Red Cross honors Kula woman as Maui volunteer of the year
When disaster strikes, Merry Tamashiro is always ’right there to help’
When an earthquake rocked Hawaii island and East Maui on Oct. 15, 2006, emergency officials instructed people to stay indoors. Kula resident Merry Tamashiro couldn’t stand it.
“I wanted to go out and help, but I couldn’t,” she said. “I prefer to be outside in the action (rather) than sitting inside my house doing nothing.”
That’s what inspired Tamashiro to join the Maui County branch of the Red Cross around 2008. For a decade she’s been doing what she loves — responding to the action, coming to people’s aid — and for that the organization has recognized her as the 2018 Maui Red Cross Volunteer of the Year.
“She’s one of those people that if there’s a storm approaching, if she sees smoke off in the distance, whatever it is, she’s right there to help,” said Michele Liberty, Maui County director for the American Red Cross of Hawaii. “She’s the first to be out and be active as our logistics lead, and then when her day is done, she still goes around . . . and visits other shelter locations to make sure that everybody’s OK. . . . And nobody asks her to do any of that. She just does.”
Tamashiro is often Liberty’s first call after a disaster. As logistics lead for the county, Tamashiro oversees the supplies for all three islands, which means she has to be first on the scene. She’s used to making supplies stretch and working with whatever size team she’s given.
In July 2016, a nearly 5,000-acre brush fire in Maalaea stranded residents and tourists on either side of the pali while firefighters battled the blaze. Buses brought more than 450 people to the War Memorial Gym. Tamashiro and five other volunteers oversaw the temporary shelter, registering people from 5 p.m. until 4:30 a.m. the next day. There were so many people that the Red Cross had to reach out to the Maui County Emergency Management Agency for more cots. The Maui Visitors Bureau sent in blow-up mattresses and Mylar blankets, while the Maui Food Bank brought in snacks.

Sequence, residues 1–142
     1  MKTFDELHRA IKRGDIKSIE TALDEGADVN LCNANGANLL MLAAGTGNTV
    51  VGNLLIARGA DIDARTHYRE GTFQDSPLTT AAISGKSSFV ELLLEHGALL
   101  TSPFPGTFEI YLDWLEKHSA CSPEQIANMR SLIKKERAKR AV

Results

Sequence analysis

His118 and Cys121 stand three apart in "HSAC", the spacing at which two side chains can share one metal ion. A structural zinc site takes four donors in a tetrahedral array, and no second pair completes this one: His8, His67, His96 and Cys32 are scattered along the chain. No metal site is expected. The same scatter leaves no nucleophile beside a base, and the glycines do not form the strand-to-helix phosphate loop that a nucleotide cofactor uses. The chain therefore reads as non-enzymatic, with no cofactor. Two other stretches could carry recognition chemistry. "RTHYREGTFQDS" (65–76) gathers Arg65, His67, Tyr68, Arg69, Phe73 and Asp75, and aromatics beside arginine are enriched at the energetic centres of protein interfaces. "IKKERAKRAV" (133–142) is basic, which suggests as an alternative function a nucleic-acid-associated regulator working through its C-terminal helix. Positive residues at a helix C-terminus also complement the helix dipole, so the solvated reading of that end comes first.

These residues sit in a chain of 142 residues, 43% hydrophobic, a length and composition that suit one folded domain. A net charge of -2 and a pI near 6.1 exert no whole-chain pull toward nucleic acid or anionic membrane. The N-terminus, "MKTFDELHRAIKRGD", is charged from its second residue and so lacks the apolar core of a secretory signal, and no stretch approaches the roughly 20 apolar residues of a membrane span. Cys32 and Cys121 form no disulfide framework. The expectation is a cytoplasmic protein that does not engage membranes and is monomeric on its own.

“It was a really awesome experience because the people were so appreciative that it really warms your heart when you can help them out,” Tamashiro said.
Even with such a small team, “we make the best of it,” she added. “You just try to lighten the mood and make sure everybody feels safe and comfortable.”
At times, Tamashiro has gotten pulled out of bed to respond to disasters. She monitors the weather reports, and when things look rough, she loads a truck with supplies ahead of time and waits.
“Mother nature doesn’t sleep,” Tamashiro said, adding that she had just gotten back from vacation two weeks ago when she and other volunteers were put on standby during a major storm and flooding in Central Maui.
Originally from Oahu, Tamashiro came to Maui in the early 1980s to attend Maui Community College (now University of Hawaii Maui College) and ended up staying. She worked as a heavy equipment operator for eight years until an injury forced her to pursue another career. From 1994 to 2016, she ran her own tour and activities reservation business, Personal Touch Answering Service. But Tamashiro put that aside when it became too hard to balance work and caring for her aging mother.
Her mother, Karen Tamashiro, suffered from dementia and cancer and passed away in July. Merry Tamashiro credits her mother with instilling an attitude of hard work and helpfulness in her three daughters. “Busy hands are happy hands” was her motto.
“Like my mom taught us, you help the next person,” Tamashiro said. “Because if we no help them, who’s going to help them? . . . I think we all believe in helping the next person. Just sometimes you need a little boost.”
The attitude runs in the family — Merry Tamashiro’s older sister, Pat Tamashiro, is a Red Cross volunteer on Molokai.
According to Liberty, Maui County has about 140 active volunteers, though Tamashiro said the Red Cross can always use more. Most classes and paperwork can be completed online, and the organization meets once a month.
“It’s so important that we take care of our own,” Tamashiro said. “You can be out there doing something (during a disaster) and not sit around stressing.”
She added that the Red Cross is also looking for new storage spaces that it can access any time of the day. The organization has storage places in Wailuku and Lahaina, though Tamashiro said she can’t order new supplies because there isn’t enough space to store them.
March has been recognized as Red Cross Month for more than 70 years, which is why volunteers are now being recognized around the country. On March 24, Tamashiro will be honored at a Maui Heroes Luncheon at the college. The Red Cross will also be holding a 24-hour fundraising campaign on March 28 (visit redcross.org/givingday for more information or text REDCROSS to 90999 to give $10).
* Colleen Uechi can be reached at email@example.com.